Shadow Immigration and Home Affairs Minister Kristina Keneally has given a grim insight into the lives of a Tamil family living in detention on Christmas Island.
The Sri Lankan family are living in “a box with two rooms” after being “forcibly” removed from their home in Queensland and taken to an immigration detention centre.
The Labor frontbencher visited the family on the weekend after an outrageous battle with former Home Affairs Minister Peter Dutton last week to gain access.
Ms Keneally has previously called out Prime Minister Scott Morrison for allowing the “cruel and inhumane” saga to continue at a $50m cost to the taxpayer.
In a statement obtained by news.com.au, she said she had “several chances to see the family, including in the immigration detention centre where they live, at the Christmas Island Recreation Centre, and at the Catholic Church on Sunday morning”.
Speaking to media from the Australian territory on Tuesday, she told the ABC’s Fran Kelly that despite the inquisitive and smart nature of the kids during the current hardships, the family “is dead” in detention.
Speaking to Sky News, Ms Keneally said it was clear the family was struggling mentally.
“They live in two rooms, they have basically a box with two rooms,” she told political editor Andrew Clennell.
She said both of the rooms were bedrooms, “but really one bedroom for them functions as where they keep all their clothes and their belongings”.
“The fact of the matter is they are effectively living in isolation. Clearly Priya, the mother, is lonely and depressed.”
Nades and Priya Murugappan came to Australia by boat in 2012 and 2013 respectively.
They settled in Biloela, a town of about 6000 in Central Queensland, and started a family, having Kopika, now 5, and Tharunicaa, 3.
They were taken into detention in 2018 after they were denied a visa that would have allowed them to stay in Australia.
The Federal Court judgment said the parents were considered “unauthorised maritime arrivals” under Australian law.
Although their daughters were born in Australia, their parents’ immigration status also made the two girls “unauthorised maritime arrivals”, the judgment said.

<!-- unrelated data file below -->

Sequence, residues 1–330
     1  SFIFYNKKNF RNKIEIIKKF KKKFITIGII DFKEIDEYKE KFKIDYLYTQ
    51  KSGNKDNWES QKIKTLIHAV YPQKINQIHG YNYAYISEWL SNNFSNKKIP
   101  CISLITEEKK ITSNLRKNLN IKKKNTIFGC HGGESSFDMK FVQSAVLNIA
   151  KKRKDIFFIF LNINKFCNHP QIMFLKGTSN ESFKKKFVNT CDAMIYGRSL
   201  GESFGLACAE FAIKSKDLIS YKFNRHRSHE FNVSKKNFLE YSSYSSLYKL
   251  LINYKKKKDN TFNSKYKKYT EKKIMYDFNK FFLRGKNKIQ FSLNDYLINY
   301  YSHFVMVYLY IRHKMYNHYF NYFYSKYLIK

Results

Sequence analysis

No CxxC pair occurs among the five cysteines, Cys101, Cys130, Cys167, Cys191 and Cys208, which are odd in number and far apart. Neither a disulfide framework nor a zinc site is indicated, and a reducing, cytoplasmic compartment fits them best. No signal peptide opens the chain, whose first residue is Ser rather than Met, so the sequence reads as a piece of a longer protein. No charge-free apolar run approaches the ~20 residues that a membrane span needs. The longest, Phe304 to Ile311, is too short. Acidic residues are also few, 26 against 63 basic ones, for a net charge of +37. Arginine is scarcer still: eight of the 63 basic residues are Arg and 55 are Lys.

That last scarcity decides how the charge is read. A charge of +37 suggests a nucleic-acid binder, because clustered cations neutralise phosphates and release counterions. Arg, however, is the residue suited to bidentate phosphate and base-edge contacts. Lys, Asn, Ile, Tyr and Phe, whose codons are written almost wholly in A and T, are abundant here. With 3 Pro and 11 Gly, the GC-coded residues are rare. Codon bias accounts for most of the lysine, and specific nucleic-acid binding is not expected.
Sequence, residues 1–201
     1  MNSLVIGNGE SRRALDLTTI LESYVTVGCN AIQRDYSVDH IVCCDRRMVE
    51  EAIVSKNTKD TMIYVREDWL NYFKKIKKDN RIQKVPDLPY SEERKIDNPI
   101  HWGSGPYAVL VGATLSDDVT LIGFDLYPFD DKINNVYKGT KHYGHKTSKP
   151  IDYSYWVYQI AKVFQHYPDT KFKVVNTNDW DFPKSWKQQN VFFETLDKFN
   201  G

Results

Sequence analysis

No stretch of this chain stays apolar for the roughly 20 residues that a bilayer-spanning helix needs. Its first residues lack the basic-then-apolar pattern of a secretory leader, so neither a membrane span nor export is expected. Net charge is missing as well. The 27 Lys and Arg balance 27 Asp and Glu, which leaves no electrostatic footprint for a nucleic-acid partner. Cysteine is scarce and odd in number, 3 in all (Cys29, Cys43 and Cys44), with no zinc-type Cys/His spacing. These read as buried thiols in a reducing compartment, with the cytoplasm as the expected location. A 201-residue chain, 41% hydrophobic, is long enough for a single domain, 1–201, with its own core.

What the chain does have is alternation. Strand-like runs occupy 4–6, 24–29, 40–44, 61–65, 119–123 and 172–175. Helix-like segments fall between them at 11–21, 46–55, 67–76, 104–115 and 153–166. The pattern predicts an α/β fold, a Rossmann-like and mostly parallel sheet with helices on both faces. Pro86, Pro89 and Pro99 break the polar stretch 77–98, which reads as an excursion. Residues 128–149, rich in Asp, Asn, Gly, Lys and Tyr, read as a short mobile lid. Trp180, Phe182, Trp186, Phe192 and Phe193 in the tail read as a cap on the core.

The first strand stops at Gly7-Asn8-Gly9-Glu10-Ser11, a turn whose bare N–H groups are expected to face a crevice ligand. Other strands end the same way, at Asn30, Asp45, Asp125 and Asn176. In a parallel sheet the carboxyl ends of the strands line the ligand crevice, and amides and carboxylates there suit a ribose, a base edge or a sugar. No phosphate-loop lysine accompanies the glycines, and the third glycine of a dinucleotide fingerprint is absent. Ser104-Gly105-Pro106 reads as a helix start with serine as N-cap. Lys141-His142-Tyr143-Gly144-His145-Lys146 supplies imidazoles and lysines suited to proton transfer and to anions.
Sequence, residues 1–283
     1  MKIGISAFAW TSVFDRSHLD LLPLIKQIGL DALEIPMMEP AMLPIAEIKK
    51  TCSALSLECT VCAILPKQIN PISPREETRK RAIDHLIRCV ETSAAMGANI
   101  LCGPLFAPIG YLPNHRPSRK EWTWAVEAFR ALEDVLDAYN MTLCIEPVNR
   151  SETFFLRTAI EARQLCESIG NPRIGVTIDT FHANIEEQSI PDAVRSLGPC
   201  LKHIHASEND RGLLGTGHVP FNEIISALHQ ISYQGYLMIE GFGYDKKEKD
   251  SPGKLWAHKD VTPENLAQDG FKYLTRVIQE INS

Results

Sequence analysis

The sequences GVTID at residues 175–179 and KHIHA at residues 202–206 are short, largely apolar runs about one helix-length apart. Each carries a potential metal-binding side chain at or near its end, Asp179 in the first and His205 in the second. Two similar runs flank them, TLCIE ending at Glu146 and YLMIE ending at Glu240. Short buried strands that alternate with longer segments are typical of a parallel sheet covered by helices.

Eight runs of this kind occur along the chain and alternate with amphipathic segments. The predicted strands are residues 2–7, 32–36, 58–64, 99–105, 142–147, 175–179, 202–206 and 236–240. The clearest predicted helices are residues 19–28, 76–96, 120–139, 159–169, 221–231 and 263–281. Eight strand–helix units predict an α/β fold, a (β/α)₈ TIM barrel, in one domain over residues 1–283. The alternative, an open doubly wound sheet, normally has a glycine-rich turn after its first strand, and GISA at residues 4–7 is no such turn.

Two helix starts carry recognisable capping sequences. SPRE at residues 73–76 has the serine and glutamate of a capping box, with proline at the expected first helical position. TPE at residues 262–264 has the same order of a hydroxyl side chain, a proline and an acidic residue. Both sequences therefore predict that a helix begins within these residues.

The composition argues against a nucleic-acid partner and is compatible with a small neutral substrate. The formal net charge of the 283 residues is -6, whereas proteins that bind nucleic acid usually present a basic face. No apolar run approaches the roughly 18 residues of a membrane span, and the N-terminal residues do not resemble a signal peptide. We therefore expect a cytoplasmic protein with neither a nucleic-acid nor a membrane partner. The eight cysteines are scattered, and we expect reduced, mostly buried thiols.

Ever since, they have been waiting in detention to learn the outcome of a Federal Court fight to avoid deportation.
“The youngest child is only three years old, she was taken into immigration detention by the government when she was eight months old,” Ms Keneally said.
“She has known nothing else in her life except living behind bars and under guard.”
In her statement, Ms Keneally said: “The girls are like any other Australian school kids I’ve met. They have Australian accents and they are bright and sweet and well-mannered. I thoroughly enjoyed playing and chatting with them.”
In February, the court ruled their fight was successful, and the family can stay in Australia for now.
But they will remain on Christmas Island in detention, as only the Minister for Immigration can grant their visa application and allow them to return to Biloela.
Ms Keneally has been calling on Mr Dutton’s replacement for the Home Affairs portfolio, Karen Andrews, to use ministerial discretion and release the family back to their community “with the stroke of a ministerial pen”.
“When it comes to border security, both major parties support offshore processing, boat turn backs where it is safe to do so, and regional resettlement,” Ms Keneally said.
“The question is not how we manage the borders going forward – Labor and the Coalition are agreed. The challenge is that there are people who have been in Australia for nearly a decade who are settled, building businesses and families, and who can’t go back due to wars, closed borders or persecution.
“We need a way to resolve these issues.
“Right now, the borders are closed, Australia’s refugee intake is exceptionally low, and there is a town in regional Queensland that is ready to welcome this family home.
The Department of Home Affairs at the time said it was aware of the decision and was considering the implications.
“The Australian Government’s policy is clear; no one who attempts illegal maritime travel to Australia will be settled here,” it said in a statement.
“The family’s claims to engage Australia’s protection obligations have been comprehensively assessed on a number of occasions by the Department of Home Affairs, various merits review bodies and appealed though multiple courts including the Federal Court to the High Court.
“At no time has any member of the family been found to be owed protection.”